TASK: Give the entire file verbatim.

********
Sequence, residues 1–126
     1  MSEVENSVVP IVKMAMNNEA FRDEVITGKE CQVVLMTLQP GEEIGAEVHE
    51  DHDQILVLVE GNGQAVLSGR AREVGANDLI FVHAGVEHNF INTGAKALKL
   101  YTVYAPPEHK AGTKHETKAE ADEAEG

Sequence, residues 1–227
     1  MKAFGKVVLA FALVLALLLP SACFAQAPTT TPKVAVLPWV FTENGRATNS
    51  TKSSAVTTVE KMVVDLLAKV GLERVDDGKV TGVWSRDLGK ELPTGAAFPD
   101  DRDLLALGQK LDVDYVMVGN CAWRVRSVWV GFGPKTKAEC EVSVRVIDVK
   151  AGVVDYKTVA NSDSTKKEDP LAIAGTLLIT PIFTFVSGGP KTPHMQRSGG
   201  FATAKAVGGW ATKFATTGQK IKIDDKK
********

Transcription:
Sequence, residues 1–126
     1  MSEVENSVVP IVKMAMNNEA FRDEVITGKE CQVVLMTLQP GEEIGAEVHE
    51  DHDQILVLVE GNGQAVLSGR AREVGANDLI FVHAGVEHNF INTGAKALKL
   101  YTVYAPPEHK AGTKHETKAE ADEAEG

Sequence, residues 1–227
     1  MKAFGKVVLA FALVLALLLP SACFAQAPTT TPKVAVLPWV FTENGRATNS
    51  TKSSAVTTVE KMVVDLLAKV GLERVDDGKV TGVWSRDLGK ELPTGAAFPD
   101  DRDLLALGQK LDVDYVMVGN CAWRVRSVWV GFGPKTKAEC EVSVRVIDVK
   151  AGVVDYKTVA NSDSTKKEDP LAIAGTLLIT PIFTFVSGGP KTPHMQRSGG
   201  FATAKAVGGW ATKFATTGQK IKIDDKK